Slow Mo Guys have been making some great firearm-related content with their high-speed cameras. Their latest video was inspired by an old video from 2009 of some really detailed footage of bullets smashing into steel filmed at 1 million frames per second. They try their hand at filming bullets vs steel and film it up to 800,000 frames per second.

Slow Mo Guys @ TFB:

9mm Bullets vs Steel

As mentioned earlier, The Slow Mo Guys’ latest video Bullets vs Steel was inspired by the video below.

They think Werner Mehl used an old Shimadzu high-speed camera.

The Slow Mo Guys are using a Phantom 7510 which is capable of filming over 1 million frames a second.

Dan, of the Slow Mo Guys, starts off easy by shooting an aluminum baking sheet with 9mm FMJ.

They did not point this out but you can see light generated from the heat when the bullet touches the aluminum baking sheet.

The bullet created a ripple in the aluminum sheet.

Interestingly, the bullet punched a bit of aluminum and took it along for a ride.

After the aluminum baking sheet, they stepped for Bullets vs Steel with actual steel. One thing they did not realize was that they were using mild steel. It holds up to 9mm just fine though.

You can see light escaping in this one frame between the gaps of the hollow point.

Bullets vs steel

Here they switched to black and white to increase the sensitivity and raised the frame rate to 800,000 FPS.

They shot some tracer 9mm but I do not think they were far enough away for the tracer element to ignite.

You can see the phosphorus embedded in the back of the metal jacket.

.30-06 Bullets Vs Steel

Dan stepped it up with a .30-06.

As expected it punched right through.

Just like the 9mm a brief moment of fire is created as the bullet first touches the steel.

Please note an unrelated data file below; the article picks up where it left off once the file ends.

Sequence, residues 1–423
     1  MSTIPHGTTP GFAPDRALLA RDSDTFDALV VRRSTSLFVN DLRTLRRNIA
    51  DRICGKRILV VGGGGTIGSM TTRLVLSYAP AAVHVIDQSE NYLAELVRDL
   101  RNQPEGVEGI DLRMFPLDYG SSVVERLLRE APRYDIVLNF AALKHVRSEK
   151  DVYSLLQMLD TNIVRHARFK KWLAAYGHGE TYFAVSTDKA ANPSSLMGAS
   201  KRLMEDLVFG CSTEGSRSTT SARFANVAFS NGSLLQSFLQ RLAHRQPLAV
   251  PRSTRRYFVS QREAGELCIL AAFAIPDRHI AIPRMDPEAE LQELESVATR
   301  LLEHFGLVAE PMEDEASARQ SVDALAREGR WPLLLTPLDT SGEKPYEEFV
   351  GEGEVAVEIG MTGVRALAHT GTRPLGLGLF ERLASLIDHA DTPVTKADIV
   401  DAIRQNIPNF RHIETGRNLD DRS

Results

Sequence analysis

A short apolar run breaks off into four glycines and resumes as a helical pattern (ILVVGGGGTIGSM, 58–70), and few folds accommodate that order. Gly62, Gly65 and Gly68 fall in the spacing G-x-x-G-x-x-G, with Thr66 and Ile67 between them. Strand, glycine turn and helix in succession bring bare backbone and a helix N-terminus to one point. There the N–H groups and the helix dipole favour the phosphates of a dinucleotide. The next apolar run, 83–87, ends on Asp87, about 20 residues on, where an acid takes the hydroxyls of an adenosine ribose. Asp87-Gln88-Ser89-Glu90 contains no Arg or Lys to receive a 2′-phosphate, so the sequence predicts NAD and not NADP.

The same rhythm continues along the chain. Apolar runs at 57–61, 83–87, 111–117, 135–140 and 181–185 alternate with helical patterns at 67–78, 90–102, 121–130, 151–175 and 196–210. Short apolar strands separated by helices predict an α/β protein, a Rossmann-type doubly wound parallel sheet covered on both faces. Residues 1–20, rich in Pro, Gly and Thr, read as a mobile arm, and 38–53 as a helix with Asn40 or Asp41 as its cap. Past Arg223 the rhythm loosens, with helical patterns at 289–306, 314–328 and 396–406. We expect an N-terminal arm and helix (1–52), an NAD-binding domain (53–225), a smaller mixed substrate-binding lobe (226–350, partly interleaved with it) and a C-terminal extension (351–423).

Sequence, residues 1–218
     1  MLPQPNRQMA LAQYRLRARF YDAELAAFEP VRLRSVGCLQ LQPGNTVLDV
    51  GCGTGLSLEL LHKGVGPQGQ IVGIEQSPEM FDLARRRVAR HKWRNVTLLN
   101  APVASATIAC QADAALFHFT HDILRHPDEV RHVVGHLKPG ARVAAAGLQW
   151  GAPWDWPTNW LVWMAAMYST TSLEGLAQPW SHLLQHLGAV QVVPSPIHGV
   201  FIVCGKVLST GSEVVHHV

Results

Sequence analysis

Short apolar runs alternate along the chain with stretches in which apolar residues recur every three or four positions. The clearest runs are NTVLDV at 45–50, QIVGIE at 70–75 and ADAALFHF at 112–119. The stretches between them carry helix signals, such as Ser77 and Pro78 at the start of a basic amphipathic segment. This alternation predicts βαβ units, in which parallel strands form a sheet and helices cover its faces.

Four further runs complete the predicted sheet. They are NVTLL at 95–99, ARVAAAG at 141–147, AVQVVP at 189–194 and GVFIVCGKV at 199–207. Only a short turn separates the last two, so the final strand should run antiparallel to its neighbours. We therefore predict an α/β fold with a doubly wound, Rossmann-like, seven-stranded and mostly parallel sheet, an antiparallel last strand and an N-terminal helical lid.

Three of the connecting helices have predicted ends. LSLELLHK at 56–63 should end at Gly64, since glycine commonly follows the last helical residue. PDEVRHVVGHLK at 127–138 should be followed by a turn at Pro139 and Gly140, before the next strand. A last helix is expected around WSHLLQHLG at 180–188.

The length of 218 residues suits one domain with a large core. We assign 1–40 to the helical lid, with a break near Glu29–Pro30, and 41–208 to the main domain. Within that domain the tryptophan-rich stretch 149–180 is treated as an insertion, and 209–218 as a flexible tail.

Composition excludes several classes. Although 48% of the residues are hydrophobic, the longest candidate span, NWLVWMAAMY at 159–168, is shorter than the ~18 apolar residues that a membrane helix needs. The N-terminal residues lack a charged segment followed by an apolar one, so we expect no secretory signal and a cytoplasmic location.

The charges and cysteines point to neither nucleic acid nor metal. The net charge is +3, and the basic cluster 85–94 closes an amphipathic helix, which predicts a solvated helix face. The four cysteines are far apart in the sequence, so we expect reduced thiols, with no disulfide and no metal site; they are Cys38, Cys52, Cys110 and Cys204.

I found the bubble created at the back of the steel plate interesting.

The bullet ends up punching a hole and pushing a piece of metal out. At first, they thought the slug of metal was the bullet but when they filmed it from behind, you can see the actual bullet spinning from the rifling separate from the larger piece of metal.

Interestingly the copper jacket gets peeled off and bounces back toward the shooter.

Next, they found an actual steel target on the range and attempted to shoot it with the .30-06. What was really cool was due to the time and position of the sun, it casted a shadow and created a Schlieren effect. You can see the shadow of the shockwave from the bullet. You can see it on the target clearly. There is a gentle curve ahead of the bullet and shockwaves coming off the back of the bullet.

The bullet creates fire again just as it starts to touch the steel plate.

Here is what happens to the bullet when it smashes into the harder steel. It gets obliterated.

I love watching bullets and firearms in slow motion. I would like to see the Slow Mo Guys revisit the tracer rounds and properly film them flying and burning in slow motion. I also would have liked to have seen the bullets hitting the steel much closer like the Werner Mehl videos.

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